Two weak tornadoes touched down in Fort Lauderdale, Florida, on Tuesday (April 10), damaging property, tearing up trees and scattering debris across the city's downtown as well as the Fort Lauderdale-Hollywood International Airport south of the city, the National Weather Service (NWS) reported.
No casualties associated with the tornadoes have been reported. One homeowner fled her residence when a fallen tree destroyed part of her roof, and a flood of rainwater poured into her home, according to the local news station WSVN Miami. The Red Cross is helping the woman relocate, the news station said.
Both tornadoes were classified as EF0, which is the weakest classification on the Enhanced Fujita intensity scale for tornadoes and pertains to sustained gales of 65 to 85 mph (105 to 137 km/h). [Photos: Tornado Damage Scales in Images]
According to the NWS, the first tornado blew through downtown Fort Lauderdale between 3:34 p.m. and 3:58 p.m. local time with peak winds of 65 mph. A second, stronger tornado formed near the airport around 4:25 p.m., and blew for 10 minutes with winds reaching 84 mph. This second tornado toppled shipping containers and delayed flights.
A look at the tornado warned storm at Fort Lauderdale earlier this afternoon… photo from James Sanderson pic.twitter.com/dndVZFh6Wi— James Spann (@spann) April 10, 2018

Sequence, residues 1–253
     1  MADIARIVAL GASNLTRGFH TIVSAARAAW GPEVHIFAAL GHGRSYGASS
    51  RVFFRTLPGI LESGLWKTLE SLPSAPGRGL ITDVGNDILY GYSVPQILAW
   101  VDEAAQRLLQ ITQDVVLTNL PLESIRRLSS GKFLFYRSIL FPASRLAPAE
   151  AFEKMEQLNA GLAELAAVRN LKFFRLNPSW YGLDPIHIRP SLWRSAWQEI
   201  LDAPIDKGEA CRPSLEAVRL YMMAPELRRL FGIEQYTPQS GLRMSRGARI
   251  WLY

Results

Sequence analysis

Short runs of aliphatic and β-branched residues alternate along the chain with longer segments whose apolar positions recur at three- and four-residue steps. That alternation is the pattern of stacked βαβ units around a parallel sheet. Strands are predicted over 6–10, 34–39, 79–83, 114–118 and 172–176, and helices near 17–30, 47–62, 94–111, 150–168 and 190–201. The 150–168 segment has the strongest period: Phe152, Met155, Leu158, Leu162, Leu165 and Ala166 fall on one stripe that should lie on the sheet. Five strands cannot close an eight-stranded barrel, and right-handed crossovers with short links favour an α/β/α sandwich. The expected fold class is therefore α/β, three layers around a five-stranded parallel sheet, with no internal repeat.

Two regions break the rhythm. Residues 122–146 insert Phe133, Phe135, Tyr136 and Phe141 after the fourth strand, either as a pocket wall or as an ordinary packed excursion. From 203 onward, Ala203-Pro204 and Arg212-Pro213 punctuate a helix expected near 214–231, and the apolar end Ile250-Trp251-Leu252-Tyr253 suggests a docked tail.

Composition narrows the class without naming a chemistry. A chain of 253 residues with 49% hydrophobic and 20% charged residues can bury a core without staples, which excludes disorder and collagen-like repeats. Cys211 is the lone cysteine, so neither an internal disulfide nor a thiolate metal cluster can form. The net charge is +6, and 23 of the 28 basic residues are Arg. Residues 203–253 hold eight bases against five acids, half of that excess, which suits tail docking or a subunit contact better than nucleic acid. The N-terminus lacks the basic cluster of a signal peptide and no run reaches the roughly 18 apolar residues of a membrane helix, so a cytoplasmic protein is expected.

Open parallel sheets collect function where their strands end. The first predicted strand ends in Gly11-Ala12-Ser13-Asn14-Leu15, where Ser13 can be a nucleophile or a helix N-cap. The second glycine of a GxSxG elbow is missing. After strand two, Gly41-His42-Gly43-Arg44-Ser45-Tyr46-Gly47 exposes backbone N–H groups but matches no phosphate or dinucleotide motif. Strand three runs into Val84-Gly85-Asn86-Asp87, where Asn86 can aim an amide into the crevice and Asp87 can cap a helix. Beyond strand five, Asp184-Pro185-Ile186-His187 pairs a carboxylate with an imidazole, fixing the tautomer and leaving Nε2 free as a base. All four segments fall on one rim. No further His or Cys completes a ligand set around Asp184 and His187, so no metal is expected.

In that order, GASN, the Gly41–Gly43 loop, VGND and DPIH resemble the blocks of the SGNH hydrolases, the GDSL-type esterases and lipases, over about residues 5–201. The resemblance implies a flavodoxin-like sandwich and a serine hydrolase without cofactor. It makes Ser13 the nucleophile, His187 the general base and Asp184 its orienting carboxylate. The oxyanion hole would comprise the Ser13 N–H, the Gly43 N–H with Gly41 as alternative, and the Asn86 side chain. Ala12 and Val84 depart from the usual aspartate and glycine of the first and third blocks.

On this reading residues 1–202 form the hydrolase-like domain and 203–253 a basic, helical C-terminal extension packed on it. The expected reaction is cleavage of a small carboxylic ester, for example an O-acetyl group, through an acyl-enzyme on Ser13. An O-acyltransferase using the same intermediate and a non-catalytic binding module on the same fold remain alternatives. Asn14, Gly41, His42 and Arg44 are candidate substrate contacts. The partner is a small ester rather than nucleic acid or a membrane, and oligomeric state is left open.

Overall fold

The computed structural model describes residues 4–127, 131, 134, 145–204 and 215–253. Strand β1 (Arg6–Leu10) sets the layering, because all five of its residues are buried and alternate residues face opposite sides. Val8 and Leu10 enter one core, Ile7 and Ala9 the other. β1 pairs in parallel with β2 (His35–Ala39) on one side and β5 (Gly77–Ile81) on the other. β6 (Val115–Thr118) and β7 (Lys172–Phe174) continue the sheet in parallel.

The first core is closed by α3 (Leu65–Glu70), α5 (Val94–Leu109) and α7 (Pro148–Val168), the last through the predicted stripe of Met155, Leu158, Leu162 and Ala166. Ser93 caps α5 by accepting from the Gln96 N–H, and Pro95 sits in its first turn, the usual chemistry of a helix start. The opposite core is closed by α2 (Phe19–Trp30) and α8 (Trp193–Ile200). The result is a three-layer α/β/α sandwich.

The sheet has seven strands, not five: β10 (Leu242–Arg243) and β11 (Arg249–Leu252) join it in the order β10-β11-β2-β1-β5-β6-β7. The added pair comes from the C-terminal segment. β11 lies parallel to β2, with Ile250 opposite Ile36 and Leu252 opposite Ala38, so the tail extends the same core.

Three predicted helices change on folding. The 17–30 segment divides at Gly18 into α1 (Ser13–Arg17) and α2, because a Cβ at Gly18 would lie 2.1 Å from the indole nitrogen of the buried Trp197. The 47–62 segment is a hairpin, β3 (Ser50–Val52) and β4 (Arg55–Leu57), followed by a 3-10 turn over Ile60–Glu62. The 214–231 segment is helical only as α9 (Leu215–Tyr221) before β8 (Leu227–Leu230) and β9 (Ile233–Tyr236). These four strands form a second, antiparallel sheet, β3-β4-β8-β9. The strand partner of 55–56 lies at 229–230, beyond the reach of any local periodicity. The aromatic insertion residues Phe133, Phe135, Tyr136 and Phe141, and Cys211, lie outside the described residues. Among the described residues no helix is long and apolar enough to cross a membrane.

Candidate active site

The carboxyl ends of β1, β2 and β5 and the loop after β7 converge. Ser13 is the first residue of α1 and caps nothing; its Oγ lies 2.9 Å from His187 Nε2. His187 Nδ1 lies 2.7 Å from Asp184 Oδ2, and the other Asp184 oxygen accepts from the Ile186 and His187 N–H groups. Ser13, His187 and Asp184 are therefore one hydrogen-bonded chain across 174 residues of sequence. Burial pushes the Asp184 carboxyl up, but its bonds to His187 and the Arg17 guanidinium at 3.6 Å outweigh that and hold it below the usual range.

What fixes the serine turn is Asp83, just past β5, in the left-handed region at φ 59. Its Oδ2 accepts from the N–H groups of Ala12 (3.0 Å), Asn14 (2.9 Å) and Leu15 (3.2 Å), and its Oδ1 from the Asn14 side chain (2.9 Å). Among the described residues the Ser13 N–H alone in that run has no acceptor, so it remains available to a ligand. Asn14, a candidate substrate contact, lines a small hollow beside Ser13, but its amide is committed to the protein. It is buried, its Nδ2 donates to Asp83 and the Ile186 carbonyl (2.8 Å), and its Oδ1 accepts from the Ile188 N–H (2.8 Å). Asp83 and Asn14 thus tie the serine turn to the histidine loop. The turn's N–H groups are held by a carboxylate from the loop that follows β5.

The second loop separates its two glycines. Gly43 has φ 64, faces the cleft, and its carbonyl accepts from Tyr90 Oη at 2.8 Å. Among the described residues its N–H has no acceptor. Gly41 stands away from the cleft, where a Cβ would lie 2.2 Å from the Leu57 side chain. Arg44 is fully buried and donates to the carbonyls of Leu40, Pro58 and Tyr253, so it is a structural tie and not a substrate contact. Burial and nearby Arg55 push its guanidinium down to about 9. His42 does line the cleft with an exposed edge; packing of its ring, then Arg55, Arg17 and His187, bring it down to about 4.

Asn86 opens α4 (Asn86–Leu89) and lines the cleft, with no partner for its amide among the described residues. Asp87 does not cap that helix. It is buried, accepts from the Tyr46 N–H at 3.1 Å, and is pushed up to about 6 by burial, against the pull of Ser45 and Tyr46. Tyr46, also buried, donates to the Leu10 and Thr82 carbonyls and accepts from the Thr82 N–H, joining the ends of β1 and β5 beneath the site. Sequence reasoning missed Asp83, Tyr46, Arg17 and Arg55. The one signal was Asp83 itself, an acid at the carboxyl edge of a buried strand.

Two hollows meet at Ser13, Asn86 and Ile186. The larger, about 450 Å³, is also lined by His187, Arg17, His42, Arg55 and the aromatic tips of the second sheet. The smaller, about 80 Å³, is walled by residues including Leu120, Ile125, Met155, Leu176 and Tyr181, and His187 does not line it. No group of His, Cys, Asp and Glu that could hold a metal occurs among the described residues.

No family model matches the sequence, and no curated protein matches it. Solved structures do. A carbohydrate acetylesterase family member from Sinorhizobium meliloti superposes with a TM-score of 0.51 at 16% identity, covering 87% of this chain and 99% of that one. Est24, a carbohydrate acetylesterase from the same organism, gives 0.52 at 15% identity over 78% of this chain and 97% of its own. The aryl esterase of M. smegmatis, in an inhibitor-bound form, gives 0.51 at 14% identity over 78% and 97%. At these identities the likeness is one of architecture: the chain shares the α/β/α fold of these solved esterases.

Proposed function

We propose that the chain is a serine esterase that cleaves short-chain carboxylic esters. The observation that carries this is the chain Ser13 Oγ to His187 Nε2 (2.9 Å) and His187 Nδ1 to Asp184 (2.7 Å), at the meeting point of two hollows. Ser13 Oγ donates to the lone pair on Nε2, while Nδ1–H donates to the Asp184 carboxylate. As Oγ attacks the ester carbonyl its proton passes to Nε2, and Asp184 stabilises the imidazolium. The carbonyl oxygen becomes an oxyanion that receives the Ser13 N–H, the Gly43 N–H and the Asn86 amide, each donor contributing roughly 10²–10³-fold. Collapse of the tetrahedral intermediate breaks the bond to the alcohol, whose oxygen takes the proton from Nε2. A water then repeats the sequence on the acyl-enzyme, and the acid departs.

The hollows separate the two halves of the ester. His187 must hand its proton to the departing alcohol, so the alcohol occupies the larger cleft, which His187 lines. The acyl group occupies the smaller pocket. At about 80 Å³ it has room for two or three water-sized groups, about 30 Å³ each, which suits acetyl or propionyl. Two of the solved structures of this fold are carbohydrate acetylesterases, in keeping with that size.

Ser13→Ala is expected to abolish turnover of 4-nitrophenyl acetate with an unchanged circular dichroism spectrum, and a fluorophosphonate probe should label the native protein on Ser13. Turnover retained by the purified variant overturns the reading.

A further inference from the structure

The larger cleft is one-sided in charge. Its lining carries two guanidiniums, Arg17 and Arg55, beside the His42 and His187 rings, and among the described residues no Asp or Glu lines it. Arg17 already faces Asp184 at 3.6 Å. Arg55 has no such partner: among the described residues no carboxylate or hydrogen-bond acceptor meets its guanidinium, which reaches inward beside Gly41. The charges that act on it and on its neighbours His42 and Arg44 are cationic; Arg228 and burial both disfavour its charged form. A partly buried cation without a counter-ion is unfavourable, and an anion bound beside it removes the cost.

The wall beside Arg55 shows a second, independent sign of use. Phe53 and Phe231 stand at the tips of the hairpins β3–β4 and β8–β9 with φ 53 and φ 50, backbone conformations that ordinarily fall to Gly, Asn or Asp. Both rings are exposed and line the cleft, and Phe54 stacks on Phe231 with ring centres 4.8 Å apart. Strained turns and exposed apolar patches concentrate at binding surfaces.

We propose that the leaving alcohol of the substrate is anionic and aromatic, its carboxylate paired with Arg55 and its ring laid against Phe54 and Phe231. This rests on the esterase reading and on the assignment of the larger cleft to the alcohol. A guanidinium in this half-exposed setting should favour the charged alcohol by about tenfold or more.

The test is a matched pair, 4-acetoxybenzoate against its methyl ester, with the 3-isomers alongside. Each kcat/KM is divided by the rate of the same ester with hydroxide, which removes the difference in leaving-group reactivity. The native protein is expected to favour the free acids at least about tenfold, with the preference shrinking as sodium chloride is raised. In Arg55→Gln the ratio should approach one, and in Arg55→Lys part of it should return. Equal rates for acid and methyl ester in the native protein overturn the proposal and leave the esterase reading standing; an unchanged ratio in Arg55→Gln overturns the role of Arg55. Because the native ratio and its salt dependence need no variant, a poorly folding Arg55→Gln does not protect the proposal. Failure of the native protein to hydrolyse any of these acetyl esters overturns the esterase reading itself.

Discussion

A severe thunderstorm warning was in effect until about 5 p.m. local time, but the NWS didn't catch wind of the tornadoes until residents started sharing videos of the dark clouds swirling over the city via social media.
As Live Science previously reported, tornadoes generally form in the United States every spring and summer when warm, moist air blows north through the Gulf of Mexico and collides with the cold, dry air blowing south from Canada. When the two fronts meet, the cold air can form a kind of ceiling over the rising warm air, forcing the warm air to rotate in place instead of rising higher. More warm air rises throughout the day as the sun heats the ground until, finally, it breaks through the ceiling and pushes the cold air beneath it. The resulting column of wind can span up to 10 miles wide and whirl at more than 200 mph (322 km/h).
Originally published on Live Science.